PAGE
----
Writing about geese the other day brought to mind one of my most favourite of all places on the planet.
For some years, at the end of the last century, I travelled quite often to England. My parents went back in 1987 and had a home in Devizes, not far from Stonehenge. They were quite elderly by then, so I visited a few times a year.
Their lives, and mine, changed radically at the end of 1986 when I decided it was time I bought some sort of property. I had been living in the upstairs apartment of a house in Long Beach, NY. I had no lease, just paid cash and it was super cheap, and adequate.
This had afforded me the opportunity to go travelling with my buddy Tim who took me on some memorable trips. At the time I had become persona-non grata chez my aunt and uncle, which was rather bitter-sweet.
Kay and Ray retired in 1977 and moved to a small town 40 miles from Bangor, Maine. I could get to my parents place in England more quickly than I could get to Dexter! I loved the place, way out in the sticks. Hard to get to, but such a beautiful part of the world. And I loved spending time with Kay and the dogs, of course.
Ray had stopped “pestering” me, but he was a very difficult man and each time I visited there were fights and arguments that, frankly, I didn’t need. My work life was stressful enough. So my visits to Maine got shorter and shorter. Eventually Ray gave me an ultimatum. When I visited, it would have to be for at least a week because otherwise it wasn’t worth the gas to come and collect me at Bangor airport.
For once I took a stand, saying “then I won’t be coming”!
So for those few years I had the money and the time to go adventuring.
But then I met someone and everything changed!
I wanted to spend as much time as possible with my new “friend” and decided that if I was no longer going to travel, I should upgrade my living situation and I should invest in a property that would build equity. Timing is everything, as I’ve said before, and that part of the plan was a bit of a fizzle (the equity part).
My friend lived in England and helped me to find a place for my parents when they decided to move back. I could not have done it alone. I was given a basic budget (very basic!) and told to go find a house. Jeepers is all I will say about that!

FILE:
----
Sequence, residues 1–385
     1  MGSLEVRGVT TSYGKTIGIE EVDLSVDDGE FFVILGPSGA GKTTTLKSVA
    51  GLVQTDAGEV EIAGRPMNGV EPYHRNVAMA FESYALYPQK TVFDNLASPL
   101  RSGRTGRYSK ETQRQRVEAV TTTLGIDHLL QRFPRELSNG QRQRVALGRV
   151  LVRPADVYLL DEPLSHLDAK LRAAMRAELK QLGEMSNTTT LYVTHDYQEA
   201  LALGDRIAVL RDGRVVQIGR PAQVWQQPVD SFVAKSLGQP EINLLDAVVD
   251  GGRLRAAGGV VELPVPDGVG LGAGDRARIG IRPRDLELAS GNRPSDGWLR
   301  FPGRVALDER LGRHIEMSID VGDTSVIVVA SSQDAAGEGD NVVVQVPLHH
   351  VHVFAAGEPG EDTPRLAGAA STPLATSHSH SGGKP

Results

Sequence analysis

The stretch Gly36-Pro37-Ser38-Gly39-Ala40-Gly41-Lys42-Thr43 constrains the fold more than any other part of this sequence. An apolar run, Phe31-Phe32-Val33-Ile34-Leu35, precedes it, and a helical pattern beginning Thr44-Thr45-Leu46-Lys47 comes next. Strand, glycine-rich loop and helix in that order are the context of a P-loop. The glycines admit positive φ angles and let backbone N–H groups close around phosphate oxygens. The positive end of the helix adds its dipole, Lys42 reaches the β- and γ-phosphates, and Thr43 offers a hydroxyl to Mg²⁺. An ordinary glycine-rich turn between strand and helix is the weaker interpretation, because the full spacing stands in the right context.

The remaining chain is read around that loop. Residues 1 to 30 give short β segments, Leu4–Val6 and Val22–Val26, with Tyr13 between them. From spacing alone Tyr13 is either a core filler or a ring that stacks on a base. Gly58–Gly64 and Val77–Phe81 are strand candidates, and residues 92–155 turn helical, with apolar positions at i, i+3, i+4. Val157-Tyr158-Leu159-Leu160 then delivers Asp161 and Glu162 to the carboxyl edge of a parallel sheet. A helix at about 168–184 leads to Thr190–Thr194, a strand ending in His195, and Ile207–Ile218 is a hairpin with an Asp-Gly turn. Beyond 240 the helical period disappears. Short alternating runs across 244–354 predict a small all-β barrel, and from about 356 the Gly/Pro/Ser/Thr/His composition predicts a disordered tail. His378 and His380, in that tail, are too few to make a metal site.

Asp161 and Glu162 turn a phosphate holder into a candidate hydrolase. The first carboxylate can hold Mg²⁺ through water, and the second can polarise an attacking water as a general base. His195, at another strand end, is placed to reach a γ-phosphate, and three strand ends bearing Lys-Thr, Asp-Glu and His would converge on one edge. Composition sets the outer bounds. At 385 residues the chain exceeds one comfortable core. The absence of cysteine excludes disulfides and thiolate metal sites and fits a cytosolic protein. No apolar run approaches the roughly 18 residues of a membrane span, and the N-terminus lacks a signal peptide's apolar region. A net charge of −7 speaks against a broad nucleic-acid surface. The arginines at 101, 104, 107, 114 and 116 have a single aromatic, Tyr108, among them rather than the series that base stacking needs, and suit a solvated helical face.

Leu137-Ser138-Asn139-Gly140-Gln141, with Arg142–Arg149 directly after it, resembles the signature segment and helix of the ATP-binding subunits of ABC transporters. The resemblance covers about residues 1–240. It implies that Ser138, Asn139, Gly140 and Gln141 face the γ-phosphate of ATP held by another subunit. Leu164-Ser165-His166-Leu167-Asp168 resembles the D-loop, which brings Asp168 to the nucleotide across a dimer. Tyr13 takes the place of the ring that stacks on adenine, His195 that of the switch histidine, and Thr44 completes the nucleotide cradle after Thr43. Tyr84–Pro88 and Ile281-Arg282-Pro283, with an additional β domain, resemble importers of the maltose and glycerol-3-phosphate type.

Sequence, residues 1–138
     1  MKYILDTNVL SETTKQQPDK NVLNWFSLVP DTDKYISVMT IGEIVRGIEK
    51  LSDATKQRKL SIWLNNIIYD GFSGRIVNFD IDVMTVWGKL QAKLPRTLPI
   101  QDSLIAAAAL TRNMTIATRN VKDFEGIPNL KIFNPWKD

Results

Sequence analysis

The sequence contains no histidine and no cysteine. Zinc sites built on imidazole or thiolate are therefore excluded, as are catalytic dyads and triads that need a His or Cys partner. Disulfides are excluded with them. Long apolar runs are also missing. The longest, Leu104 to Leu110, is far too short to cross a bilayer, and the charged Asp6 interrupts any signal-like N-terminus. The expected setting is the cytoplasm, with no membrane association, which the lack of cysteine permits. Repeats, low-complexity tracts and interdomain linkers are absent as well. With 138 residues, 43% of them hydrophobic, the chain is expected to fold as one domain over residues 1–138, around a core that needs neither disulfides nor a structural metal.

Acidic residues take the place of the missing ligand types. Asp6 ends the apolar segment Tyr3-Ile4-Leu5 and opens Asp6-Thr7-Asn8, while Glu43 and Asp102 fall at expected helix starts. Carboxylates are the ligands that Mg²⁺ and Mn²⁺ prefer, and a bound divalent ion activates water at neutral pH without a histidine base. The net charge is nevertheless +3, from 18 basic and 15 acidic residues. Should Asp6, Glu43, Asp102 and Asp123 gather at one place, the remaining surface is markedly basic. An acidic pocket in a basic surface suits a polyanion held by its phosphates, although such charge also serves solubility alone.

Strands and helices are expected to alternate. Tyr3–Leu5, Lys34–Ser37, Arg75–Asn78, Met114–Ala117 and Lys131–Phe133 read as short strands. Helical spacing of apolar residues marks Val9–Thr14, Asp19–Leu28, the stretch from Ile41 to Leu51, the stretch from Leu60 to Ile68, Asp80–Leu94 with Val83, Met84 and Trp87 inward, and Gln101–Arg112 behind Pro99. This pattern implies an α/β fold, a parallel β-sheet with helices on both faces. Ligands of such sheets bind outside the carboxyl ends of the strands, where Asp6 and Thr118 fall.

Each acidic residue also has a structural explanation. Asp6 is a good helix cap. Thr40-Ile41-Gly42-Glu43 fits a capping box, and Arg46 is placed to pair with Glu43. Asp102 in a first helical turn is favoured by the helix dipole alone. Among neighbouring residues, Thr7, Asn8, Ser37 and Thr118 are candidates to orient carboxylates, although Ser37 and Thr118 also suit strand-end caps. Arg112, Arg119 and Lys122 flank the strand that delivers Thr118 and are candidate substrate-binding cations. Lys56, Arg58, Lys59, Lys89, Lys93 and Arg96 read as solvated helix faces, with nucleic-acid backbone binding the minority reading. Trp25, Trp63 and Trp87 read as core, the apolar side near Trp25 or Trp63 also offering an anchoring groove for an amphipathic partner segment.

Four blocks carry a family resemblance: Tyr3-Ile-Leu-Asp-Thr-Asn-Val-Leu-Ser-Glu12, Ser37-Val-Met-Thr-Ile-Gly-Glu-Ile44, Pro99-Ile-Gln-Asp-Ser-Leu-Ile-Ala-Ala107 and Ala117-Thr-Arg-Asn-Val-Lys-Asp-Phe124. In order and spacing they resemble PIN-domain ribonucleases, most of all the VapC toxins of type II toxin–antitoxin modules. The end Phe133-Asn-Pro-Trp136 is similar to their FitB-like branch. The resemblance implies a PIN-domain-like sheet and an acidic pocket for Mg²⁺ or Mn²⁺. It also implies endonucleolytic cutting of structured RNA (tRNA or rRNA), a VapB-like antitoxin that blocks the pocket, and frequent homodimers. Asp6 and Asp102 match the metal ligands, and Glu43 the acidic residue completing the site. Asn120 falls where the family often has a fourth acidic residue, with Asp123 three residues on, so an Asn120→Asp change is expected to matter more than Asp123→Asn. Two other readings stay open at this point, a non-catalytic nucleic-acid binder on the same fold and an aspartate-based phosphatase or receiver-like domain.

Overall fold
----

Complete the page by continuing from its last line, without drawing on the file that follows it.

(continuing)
How often I would have visited my parents if I had not found myself so frequently in England, I am not sure. Let’s just say that I was suddenly a whole lot more motivated to visit the country of my birth.
Exploring parts of Britain with my friend was so much fun. It was a real gift, as I should otherwise never have got to know my country and certainly, I would never have gone to the village of Slimbridge.
Sir Peter Scott was the only son of Antarctic explorer Robert Falcon Scott. He was an ornithologist and extraordinary artist who dedicated himself to preserving the British countryside.
Sir Peter was also the founding chair of the World Wildlife Fund (it was he who designed the famous panda logo).
In 1946 Sir Peter created the Severn Wildfowl Trust at the village of Slimbridge on the Severn Estuary.
The Nene goose seen here is one of the species he brought back literally from the edge of extinction.
From a mere 30 birds left in existence, in 1962 Sir Peter was able to re-introduce the species to its native Hawaii.
The Nene, or Hawaiian goose was one of my favourites. Knowing how nearly we lost them made them special. We were able to feed these gentle birds and feeling their beaks scoop grain from my hand was so delightful. You needed to be a little more cautious when offering grain to some of the other birds!
The Severn Wildfowl Trust became the Wildfowl and Wetlands Trust which now has 10 centres across Britain. The Slimbridge centre comprises some 416 acres of lightly wooded wetland. Walkways take you to cleverly camouflaged hides where you can look out over the estuary and watch the many thousands of birds coming and going. These days you can even take a canoe along certain waterways which would give you a better view of the land based wildlife which abounds.
It is rather difficult to describe the magic of the Slimbridge WWT Centre. To me it was largely an experience of sound. I stood still and listened to the chatter of a myriad of birds. The sound of geese flying over my New York house is very reminiscent of the Slimbridge experience, only there it was thousands of times magnified and it was endless. I was enthralled.
The wetlands could not fail to excite me, as I am a great admirer of birds and swans in particular. It was winter when I went to Slimbridge the first time, and it was cold, atmospheric. My friend and I watched together as swans came in to land, and as they did their incredible run across the water before getting airborne. What magnificent creatures! How beautiful they are. And how wonderful were all the ducks, geese and so many other water birds. And the small creatures we saw.
The Wetlands Trust will always be special to me in part because I went there with someone I love, and for all the clamour of bird calls, I found it to be so peaceful. Perhaps it was that I felt very close to Nature, surrounded as I was by so many of her wonderful creations.
This is a place that lives in my heart.